Thanks to Mark Wortman, a top Kansas City divorce lawyer, for his recent post surrounding the “dance” between bankruptcy and divorce. In his Missouri Divorce and Family Law Blog, Wartman writes that it may be better to file bankruptcy before the divorce, in light of the following:

  • Federal bankruptcy law will allow married couples to file jointly, eliminating the need for two separate bankruptcy filings and two separate attorney fees after the divorce;
  • The parties can exempt (protect) double the amount of property if they file jointly;
  • Most married couples have joint debt. Even though the divorce court can divide the debt, it cannot alter the contract with the creditor, meaning that if the spouse ordered to pay doesn’t, creditors are going to come after whoever’s name is on the account. Then the only remedy is a contempt of court proceeding, which is time consuming (up to a year) and costly. All the while, the other spouse has to make the payment or suffer the credit consequences. Joint bankruptcy can eliminate the debt all together and avoid the problem of who pays who;
  • Joint filing before the divorce will eliminate the need to litigate issue of debt in the divorce, which reduces the time and expense of the divorce, and avoids the result described above. Remember, a divorce decree is just a piece of paper, enforcing it is a whole different matter;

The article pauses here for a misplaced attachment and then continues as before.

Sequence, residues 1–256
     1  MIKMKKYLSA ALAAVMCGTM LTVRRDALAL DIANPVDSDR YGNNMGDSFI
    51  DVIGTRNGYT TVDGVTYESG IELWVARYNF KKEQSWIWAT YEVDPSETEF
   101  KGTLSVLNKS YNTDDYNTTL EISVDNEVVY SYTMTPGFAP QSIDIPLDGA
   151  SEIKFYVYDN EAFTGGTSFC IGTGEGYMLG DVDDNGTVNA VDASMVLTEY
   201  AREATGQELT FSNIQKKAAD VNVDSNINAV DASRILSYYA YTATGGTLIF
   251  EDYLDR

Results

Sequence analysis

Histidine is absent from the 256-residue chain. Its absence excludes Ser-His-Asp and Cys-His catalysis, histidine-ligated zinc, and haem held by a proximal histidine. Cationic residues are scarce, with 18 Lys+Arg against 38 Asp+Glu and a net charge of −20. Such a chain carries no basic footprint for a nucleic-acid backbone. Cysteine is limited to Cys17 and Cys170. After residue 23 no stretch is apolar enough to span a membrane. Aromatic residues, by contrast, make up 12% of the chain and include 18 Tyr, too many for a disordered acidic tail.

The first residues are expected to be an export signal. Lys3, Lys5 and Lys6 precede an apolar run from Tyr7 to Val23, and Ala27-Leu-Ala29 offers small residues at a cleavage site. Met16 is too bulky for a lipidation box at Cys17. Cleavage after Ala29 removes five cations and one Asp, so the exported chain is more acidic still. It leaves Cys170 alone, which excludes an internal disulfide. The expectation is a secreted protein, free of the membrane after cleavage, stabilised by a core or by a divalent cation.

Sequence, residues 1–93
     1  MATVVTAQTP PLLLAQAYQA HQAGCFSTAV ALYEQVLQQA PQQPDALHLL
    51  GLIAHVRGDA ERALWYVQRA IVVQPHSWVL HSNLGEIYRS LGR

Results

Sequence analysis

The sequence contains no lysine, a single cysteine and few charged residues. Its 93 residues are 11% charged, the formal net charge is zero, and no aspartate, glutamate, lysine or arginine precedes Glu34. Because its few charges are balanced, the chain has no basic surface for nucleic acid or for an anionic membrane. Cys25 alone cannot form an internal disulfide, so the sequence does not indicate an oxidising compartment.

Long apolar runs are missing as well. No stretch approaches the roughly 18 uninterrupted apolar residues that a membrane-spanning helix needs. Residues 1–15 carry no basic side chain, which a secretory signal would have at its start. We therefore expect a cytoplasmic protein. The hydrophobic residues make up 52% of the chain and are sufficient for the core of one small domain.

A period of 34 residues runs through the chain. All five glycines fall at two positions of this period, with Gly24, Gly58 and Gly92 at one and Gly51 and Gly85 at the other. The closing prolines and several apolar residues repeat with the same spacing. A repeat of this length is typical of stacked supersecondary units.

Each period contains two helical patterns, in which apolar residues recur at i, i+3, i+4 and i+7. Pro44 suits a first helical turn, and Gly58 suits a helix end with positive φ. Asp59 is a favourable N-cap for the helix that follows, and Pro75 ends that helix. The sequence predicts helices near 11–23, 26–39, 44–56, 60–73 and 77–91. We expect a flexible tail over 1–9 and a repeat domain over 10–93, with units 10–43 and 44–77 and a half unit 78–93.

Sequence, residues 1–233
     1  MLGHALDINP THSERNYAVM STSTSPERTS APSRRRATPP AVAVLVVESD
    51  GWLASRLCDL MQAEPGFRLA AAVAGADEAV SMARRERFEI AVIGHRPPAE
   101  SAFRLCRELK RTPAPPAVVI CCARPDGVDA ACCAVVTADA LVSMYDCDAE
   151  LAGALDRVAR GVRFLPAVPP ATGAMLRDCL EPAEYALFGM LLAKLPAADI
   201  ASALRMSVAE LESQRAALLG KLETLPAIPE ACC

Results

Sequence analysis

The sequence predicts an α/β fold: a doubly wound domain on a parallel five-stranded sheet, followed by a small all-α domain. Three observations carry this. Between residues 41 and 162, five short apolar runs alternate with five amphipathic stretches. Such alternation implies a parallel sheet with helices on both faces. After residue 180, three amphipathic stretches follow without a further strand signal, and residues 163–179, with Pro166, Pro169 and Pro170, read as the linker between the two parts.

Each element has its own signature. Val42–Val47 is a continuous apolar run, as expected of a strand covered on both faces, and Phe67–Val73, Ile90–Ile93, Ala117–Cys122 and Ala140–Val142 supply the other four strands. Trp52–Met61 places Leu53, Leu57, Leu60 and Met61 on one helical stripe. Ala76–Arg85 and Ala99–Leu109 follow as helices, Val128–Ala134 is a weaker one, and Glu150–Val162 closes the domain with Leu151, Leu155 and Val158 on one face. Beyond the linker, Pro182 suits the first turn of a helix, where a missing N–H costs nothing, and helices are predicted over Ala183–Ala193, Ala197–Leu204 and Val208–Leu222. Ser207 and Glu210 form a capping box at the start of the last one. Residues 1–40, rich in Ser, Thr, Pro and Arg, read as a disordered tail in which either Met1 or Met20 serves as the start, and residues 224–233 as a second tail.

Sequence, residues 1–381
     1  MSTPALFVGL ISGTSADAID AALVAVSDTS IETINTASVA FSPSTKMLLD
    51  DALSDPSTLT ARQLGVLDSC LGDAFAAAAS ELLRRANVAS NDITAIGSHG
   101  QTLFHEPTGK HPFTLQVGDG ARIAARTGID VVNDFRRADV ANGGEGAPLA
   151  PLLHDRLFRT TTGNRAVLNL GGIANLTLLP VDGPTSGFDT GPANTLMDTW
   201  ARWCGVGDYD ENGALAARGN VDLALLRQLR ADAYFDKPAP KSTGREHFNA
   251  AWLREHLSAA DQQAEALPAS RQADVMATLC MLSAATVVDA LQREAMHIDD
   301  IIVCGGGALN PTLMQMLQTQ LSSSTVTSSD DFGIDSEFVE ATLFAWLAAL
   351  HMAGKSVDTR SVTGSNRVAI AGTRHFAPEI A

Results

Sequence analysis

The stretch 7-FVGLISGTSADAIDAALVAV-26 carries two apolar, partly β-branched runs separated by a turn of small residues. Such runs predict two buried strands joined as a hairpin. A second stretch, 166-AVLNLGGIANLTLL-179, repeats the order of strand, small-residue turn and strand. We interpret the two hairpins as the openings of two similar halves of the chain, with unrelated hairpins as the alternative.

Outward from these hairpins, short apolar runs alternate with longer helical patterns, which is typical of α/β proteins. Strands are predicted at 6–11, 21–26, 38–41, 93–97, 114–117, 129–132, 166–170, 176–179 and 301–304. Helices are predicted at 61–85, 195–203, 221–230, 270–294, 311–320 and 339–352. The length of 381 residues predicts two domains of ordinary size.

• Although the bankruptcy law will not allow a divorcee to discharge debts ordered in the divorce, the problem of collection and contempt may cause greater credit problems than the bankruptcy itself;
  • Joint filing before divorce will allow for a higher income threshold for Chapter 7 qualification (means test avoidance);
  • It most likely (almost guaranteed) that you can rebuild and re-establish your credit much faster than you could ever have paid off the debt, while at the same time getting the past problems behind you and truly getting a “fresh start”; and
  • Bankruptcy is not the end of the world. It can be an effective solution to a real problem that real people have during these times.

Well thought advice. Of course, you should speak with a bankruptcy lawyer about these issues if you are really serious about filing in the midst of divorce. Bankruptcy is a niche practice and few divorce attorneys (including, admittedly, this one) have a strong command of the nuances of bankruptcy law and procedure.